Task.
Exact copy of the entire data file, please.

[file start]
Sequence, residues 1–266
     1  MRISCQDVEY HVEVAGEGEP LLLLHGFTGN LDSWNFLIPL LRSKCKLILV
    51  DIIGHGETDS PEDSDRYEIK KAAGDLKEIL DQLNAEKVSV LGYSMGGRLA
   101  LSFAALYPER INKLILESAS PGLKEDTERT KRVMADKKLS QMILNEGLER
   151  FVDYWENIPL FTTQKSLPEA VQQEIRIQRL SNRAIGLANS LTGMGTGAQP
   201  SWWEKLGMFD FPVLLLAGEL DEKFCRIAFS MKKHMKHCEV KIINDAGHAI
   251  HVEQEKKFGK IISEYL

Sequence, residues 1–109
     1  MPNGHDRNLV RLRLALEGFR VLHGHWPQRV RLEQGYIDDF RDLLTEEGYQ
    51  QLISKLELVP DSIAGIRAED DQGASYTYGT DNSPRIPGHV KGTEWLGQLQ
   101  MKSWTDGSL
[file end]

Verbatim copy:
Sequence, residues 1–266
     1  MRISCQDVEY HVEVAGEGEP LLLLHGFTGN LDSWNFLIPL LRSKCKLILV
    51  DIIGHGETDS PEDSDRYEIK KAAGDLKEIL DQLNAEKVSV LGYSMGGRLA
   101  LSFAALYPER INKLILESAS PGLKEDTERT KRVMADKKLS QMILNEGLER
   151  FVDYWENIPL FTTQKSLPEA VQQEIRIQRL SNRAIGLANS LTGMGTGAQP
   201  SWWEKLGMFD FPVLLLAGEL DEKFCRIAFS MKKHMKHCEV KIINDAGHAI
   251  HVEQEKKFGK IISEYL

Sequence, residues 1–109
     1  MPNGHDRNLV RLRLALEGFR VLHGHWPQRV RLEQGYIDDF RDLLTEEGYQ
    51  QLISKLELVP DSIAGIRAED DQGASYTYGT DNSPRIPGHV KGTEWLGQLQ
   101  MKSWTDGSL